I’m sure some of you have recently heard John Tortorella describe the Rangers as a “defense-first” team. Obviously this is causing some confusion among our fanbase, since most people tend to understand the term as a way of describing neutral zone trap teams (e.g., Yotes, Bruins, Devils back in the day).
When Tortorella says defense first, he is referring to wanting his players to be defensively responsible, hard on the backcheck and aggressive on the forecheck. Yes, forechecking is part of defense because you don’t have the puck. These are consistent themes for most hockey clubs.
This is a very different definition than the “defense first” label the media communicates. They often use this term against Torts and blame it for stifling the team’s offense. Except, lack of offense isn’t caused by a system, it is the result when the system isn’t executed.
Look, most members of the media can’t break down the x’s and o’s. Instead, they’ll throw vague terms at you like ‘run & gun’, ‘defense-first’, or ‘not a 60 minute effort’, etc. because it is a quick way to label a team without explaining the details. If you wish to understand the game’s details beyond vague labels, I humbly suggest you read all of our hockey systems coverage.
With that out of the way, let’s focus on what kind of system John Tortorella actually employs.
The Blueshirts generate most of their 5-on-5 offense from an aggressive 2-1-2 spread forecheck (shown above) and transitional offense, meaning offense generated from the rush. The 2-1-2 spread relies on skating, puck pressure, and pursuit from all five skaters. Some coaches use a variation of this forecheck where F1 and F2 approach from the same lane, rather than spread out like the image shown above. This system helps produce chances by winning puck possession battles below the dots (which the Rangers have been leaders in recent seasons), but it’s on the players to find twine.
Defensive oriented teams, or conservative teams, generally do not send two or three forwards in deep after the puck. Hybrid trap teams will sometimes forecheck aggressively, but generally will do so only until they have a lead. Once they have the lead, they tend to drop guys back and plug up the neutral zone in those 1-4 or 1-3-1 formations. This is a major tactical difference between those who always encourage puck pursuit in the offensive zone (think Torts or Bylsma) and those who do not (think Hitchcock or Lemaire).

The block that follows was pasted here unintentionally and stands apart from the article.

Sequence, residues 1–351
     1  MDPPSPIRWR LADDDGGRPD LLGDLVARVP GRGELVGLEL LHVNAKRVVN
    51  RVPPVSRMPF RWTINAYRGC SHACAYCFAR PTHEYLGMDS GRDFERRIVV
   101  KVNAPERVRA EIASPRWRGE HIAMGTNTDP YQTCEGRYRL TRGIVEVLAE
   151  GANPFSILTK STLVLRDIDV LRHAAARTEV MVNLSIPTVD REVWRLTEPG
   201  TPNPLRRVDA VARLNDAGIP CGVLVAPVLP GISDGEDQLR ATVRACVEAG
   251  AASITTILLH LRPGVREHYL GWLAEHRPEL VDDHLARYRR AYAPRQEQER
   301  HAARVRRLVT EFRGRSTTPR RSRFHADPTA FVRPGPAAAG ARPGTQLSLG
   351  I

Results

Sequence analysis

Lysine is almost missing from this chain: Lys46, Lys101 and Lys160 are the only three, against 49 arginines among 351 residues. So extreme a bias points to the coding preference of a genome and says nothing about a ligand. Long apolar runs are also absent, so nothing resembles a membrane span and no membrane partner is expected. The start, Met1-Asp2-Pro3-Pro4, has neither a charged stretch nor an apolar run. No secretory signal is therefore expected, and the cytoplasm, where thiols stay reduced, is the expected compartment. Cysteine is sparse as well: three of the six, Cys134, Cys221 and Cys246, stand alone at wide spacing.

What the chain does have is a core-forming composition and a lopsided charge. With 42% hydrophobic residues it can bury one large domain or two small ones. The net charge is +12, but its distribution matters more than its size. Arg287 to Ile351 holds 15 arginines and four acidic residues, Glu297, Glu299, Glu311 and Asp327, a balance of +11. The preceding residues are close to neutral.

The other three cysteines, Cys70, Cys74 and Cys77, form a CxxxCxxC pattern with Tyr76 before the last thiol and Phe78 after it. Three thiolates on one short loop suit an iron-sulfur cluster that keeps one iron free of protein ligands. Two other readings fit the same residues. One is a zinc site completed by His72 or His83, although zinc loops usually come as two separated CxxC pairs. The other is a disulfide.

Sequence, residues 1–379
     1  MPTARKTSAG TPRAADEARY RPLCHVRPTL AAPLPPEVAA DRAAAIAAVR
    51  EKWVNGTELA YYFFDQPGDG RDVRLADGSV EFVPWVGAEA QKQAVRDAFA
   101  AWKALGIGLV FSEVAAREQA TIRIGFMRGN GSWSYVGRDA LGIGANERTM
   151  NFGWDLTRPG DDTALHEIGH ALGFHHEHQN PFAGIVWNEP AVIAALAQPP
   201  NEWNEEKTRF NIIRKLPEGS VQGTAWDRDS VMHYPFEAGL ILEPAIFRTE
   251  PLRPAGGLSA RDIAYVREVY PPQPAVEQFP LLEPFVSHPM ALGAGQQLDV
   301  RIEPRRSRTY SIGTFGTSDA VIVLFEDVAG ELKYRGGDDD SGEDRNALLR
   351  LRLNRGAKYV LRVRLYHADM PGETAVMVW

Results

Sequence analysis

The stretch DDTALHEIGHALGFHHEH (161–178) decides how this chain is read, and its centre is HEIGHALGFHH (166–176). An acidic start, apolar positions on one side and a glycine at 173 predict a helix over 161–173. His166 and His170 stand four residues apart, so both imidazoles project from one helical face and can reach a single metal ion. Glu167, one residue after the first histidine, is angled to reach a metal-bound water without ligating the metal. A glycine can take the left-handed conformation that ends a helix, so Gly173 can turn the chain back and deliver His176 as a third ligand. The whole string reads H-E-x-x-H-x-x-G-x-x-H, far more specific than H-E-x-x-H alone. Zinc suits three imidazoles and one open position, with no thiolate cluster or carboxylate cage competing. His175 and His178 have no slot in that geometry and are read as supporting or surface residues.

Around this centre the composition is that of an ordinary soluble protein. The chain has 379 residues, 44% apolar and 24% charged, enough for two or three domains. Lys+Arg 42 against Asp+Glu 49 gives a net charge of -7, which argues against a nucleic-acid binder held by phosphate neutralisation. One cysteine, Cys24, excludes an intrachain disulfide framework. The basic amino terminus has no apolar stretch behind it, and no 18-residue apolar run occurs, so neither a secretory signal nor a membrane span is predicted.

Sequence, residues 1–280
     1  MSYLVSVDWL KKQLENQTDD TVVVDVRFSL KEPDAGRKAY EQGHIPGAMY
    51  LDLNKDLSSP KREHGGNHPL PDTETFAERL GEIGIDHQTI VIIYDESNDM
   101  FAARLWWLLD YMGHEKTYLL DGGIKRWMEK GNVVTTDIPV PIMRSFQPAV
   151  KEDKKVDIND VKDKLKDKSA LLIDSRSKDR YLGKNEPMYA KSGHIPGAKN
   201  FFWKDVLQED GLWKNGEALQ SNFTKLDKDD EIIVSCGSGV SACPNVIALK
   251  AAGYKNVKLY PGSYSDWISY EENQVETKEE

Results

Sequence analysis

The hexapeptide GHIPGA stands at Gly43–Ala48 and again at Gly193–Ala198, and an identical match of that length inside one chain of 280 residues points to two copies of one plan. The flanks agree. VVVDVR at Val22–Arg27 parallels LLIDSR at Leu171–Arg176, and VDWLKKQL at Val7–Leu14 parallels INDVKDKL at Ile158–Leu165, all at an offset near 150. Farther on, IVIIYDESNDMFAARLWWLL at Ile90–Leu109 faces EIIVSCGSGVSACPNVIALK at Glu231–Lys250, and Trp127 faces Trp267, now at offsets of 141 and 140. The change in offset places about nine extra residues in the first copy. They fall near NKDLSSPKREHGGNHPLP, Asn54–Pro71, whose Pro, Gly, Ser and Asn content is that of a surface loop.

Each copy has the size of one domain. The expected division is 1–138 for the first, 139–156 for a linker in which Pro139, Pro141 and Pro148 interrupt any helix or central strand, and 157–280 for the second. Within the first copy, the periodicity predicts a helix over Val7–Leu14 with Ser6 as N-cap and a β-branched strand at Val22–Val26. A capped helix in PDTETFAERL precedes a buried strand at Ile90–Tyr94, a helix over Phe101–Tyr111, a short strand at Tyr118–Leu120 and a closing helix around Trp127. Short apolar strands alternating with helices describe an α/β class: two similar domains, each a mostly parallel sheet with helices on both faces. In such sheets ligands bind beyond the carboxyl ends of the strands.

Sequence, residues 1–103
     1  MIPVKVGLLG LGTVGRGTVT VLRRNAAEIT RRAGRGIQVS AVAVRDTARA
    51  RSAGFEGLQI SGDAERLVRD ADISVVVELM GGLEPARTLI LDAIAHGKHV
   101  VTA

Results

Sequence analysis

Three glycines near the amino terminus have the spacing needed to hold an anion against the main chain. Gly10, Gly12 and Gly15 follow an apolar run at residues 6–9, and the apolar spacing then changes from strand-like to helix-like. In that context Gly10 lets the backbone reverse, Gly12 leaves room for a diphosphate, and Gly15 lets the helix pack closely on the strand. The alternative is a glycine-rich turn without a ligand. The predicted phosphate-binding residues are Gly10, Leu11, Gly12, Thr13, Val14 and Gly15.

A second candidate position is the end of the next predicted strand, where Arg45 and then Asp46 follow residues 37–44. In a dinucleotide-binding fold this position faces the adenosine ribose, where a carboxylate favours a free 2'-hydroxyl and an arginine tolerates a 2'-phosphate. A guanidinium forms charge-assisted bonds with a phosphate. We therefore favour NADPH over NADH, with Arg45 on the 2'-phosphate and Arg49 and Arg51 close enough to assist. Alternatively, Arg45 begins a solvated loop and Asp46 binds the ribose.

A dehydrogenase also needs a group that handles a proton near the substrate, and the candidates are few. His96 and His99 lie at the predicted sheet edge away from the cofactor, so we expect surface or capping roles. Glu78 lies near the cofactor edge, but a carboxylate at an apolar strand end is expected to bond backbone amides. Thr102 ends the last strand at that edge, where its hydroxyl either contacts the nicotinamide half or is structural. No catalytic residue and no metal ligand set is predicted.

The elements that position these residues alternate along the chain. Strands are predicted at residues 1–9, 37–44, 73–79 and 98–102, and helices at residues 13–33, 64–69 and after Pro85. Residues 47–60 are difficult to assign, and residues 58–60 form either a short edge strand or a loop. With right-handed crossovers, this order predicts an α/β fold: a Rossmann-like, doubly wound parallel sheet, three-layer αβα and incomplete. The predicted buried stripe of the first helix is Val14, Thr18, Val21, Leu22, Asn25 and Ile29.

Defensemen Joining The Play
More passive teams also typically do not give their offensive defensemen free reign to pinch, forecheck, or join the rush. They are much more conservative with their blueliners. The Rangers are the opposite. Torts certainly wants his defensemen to get involved offensively, so long as someone covers them. If you don’t believe that, then you haven’t ever watched Michael Del Zotto. He is as aggressive as it gets.
Defensive Zone Strategy
The defensive zone is where things get a little muddled when it comes to labeling a team. Up until a few year years ago, trapping teams were really the only teams who collapsed in front of their net and blocked shots. More aggressive teams sent two forwards towards the blueline, playing man-on-man coverage, or would let one forward cherry-pick in the neutral zone.
Times have changed and defensive zone play has gotten more sophisticated. In today’s NHL, more and more teams are collapsing to the net and blocking shots regardless of their overall forechecking strategy. Point in case, during the 2001-02 season 10 teams blocked over a 1,000 shots. Last season all but two teams blocked over 1,000 shots.
The media likes to use this strategy and blame it for stifling offensive ability, but the reality is a number of high scoring teams play the low zone collapse. The Capitals, Blackhawks, Bruins, and Penguins have all used this strategy in recent seasons and they have no problems scoring goals.
There are other defensive zone strategies, such as the overload, man-on-man, etc., but the low zone collapse is probably one of the more employed strategies in the NHL. The Rangers mostly use the low zone collapse, but will overload on occasion depending on certain game situations.
Overall, there’s a lot of misinformation out there about Torts’ systems. Some of it is because the media just doesn’t get a lot of this stuff. Some of it is because the media has such a bad relationship with John, they make no effort to understand and defend his tactics. That’s what we’re here for folks.
For more on hockey systems, be sure to check out my entire series here.